Things That Go "Beump" In The Night
- A Shot in the Dark review by Count Otto Black
This often hilarious but weirdly disjointed film came about almost by accident, since "The Pink Panther" was meant to be about an upper-class crook called The Phantom, featuring Inspector Clouseau as comic relief. I can't think of another example of a supporting character stealing a film so completely. Poor old David Niven. Even the opening credits ended up getting their own TV series!
Peter Sellers' next film was originally going to be a screen adaptation of a risqué Broadway farce in which an out-of-his-depth French policeman (played on stage by William Shatner!) has to solve a murder case where everybody is guilty of something or other, except of course the cheerfully amoral oversexed bimbo in danger of being framed for everything. When the studio caught on how popular Clouseau was, since one funny French cop is near-as-dammit the same as any other, the script was hastily rewritten as a lighter and sillier Clouseau vehicle , with the sex and violence watered down as much as it could be without the plot disappearing altogether, though there's enough of it still left for William Peter Blatty, author of "The Exorcist", to get a screenwriting credit.
Clouseau is Laurel and Hardy rolled into one, combining Ollie's perpetually wounded dignity with Stan's inability to interact with anything in any way without laying waste to the surrounding area. Sellers' performance as a man at war with the furniture, his own clothes, and the laws of probability is a masterpiece of clowning, but it's such a poor fit with the more serious elements of the plot that the crimes Clouseau is supposed to be investigating are increasingly shoved into the background, allowing him to spend most of the film stumbling into predicaments which often have very little to do with his being a policeman. By the time the surviving suspects are assembled at the end to hear Clouseau's triumphant (he hopes) solution to the mystery, we've forgotten who most of them are.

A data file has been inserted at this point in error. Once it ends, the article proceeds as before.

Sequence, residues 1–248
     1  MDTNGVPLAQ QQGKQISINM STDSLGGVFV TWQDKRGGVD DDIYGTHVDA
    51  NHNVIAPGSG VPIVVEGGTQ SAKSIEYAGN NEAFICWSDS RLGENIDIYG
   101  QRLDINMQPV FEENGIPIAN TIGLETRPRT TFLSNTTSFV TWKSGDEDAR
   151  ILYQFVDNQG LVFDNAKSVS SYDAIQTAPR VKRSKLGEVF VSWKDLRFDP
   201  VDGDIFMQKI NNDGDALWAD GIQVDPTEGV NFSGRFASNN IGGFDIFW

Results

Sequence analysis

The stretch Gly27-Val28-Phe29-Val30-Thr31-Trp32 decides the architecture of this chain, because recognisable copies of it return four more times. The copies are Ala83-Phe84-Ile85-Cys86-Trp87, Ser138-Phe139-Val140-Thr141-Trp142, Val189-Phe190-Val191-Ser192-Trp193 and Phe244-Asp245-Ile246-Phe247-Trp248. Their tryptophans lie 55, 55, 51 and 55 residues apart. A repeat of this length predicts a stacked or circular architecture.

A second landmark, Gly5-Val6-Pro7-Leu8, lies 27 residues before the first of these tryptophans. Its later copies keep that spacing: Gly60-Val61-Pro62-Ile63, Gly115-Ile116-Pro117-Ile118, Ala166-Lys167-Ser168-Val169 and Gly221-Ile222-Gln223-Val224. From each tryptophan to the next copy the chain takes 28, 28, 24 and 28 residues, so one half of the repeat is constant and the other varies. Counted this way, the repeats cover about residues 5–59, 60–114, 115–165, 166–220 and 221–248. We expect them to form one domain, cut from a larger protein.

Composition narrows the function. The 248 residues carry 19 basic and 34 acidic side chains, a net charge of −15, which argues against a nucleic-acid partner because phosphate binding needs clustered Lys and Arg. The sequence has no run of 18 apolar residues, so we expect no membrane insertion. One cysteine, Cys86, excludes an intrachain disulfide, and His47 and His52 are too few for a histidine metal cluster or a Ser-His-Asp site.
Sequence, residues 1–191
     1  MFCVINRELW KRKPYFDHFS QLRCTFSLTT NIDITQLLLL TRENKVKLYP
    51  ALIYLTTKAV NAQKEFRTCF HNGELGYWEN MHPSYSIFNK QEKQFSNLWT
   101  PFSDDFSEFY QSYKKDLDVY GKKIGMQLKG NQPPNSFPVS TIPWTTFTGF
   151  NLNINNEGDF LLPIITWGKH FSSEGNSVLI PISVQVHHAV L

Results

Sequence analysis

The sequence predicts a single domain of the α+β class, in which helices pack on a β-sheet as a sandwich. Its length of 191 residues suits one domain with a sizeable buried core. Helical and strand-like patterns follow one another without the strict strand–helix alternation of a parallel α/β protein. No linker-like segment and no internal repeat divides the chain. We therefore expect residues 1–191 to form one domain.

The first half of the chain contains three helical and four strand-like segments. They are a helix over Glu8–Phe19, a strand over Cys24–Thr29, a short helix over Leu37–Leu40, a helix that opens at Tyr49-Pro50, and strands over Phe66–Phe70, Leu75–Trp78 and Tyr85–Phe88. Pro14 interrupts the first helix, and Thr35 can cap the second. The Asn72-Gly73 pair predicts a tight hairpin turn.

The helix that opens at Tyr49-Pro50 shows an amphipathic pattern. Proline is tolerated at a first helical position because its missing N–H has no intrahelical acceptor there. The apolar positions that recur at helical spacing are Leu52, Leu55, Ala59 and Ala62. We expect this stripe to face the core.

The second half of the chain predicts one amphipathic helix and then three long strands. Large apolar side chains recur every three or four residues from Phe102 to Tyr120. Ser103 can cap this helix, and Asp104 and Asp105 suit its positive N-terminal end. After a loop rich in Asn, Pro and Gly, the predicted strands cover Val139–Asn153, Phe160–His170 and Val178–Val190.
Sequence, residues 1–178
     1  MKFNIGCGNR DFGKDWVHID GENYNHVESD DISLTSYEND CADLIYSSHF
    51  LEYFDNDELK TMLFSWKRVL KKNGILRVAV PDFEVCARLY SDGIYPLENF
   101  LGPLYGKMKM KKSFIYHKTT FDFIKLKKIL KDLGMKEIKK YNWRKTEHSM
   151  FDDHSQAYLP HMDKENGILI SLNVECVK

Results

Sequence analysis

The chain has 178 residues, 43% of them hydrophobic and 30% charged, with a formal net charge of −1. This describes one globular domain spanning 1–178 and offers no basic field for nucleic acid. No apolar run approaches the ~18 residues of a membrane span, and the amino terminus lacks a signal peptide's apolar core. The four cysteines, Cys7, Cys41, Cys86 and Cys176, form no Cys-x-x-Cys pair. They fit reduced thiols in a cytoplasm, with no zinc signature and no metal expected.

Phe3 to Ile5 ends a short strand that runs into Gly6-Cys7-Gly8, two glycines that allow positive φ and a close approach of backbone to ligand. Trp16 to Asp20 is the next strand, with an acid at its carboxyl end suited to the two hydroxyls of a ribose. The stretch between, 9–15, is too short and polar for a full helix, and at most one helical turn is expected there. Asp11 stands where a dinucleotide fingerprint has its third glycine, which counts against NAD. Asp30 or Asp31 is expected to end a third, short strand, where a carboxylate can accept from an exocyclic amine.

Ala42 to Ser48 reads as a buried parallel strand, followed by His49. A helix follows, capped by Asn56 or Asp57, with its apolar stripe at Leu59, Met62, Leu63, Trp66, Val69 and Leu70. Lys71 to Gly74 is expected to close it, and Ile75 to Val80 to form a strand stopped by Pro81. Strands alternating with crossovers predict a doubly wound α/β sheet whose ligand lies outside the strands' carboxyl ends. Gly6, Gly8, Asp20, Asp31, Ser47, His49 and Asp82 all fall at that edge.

But the flaw which almost ruins the whole movie is the introduction of Herbert Lom's Chief Inspector Dreyfus, who would reappear in another six sequels, long outlasting Inspector Clouseau in his own franchise. I can't imagine why, because Lom is absolutely dreadful. Obviously a clumsy plot device to allow the fairly realistic villain played by a largely wasted George Sanders to be sidelined as much as possible in favour of a more appropriate nemesis for a nincompoop like Clouseau, Lom's grotesquely overacted descent into insanity is embarrassingly unfunny. It also constantly begs the question why, if Clouseau is worse than useless at his job and his boss hates him so much it's literally driving him mad, he wasn't fired years ago.
It's a muddled and patchy movie that's superb whenever Sellers is simply being funny, lousy during Herbert Lom's attempts to convey that he's going a bit mental, which he does far more often than is strictly necessary, and somewhere in between the rest of the time depending on how well Sellers is interacting with his supporting cast. Elke Sommer isn't much of an actress but she's cute and gamely joins in the silliness, though George Sanders sometimes looks as if he's not quite sure he's in the right movie. But a special mention has to go to Burt Kwouk's Cato, who may be a one-joke character (and politically incorrect by today's standards), but seldom has one joke been told with such enthusiasm!
Admittedly the routine was wearing a bit thin by the time he reprised it for the last time, but that was another six movies later, when the entire franchise was well past its humanely-kill-by date, and Peter Sellers had actually died quite some time ago. In 1964 it was still fresh, and this, the first true Inspector Clouseau film in which he was the main character, is probably the best of the lot, despite the mismatch between its hapless hero and some parts of a script originally written for a less defective detective.
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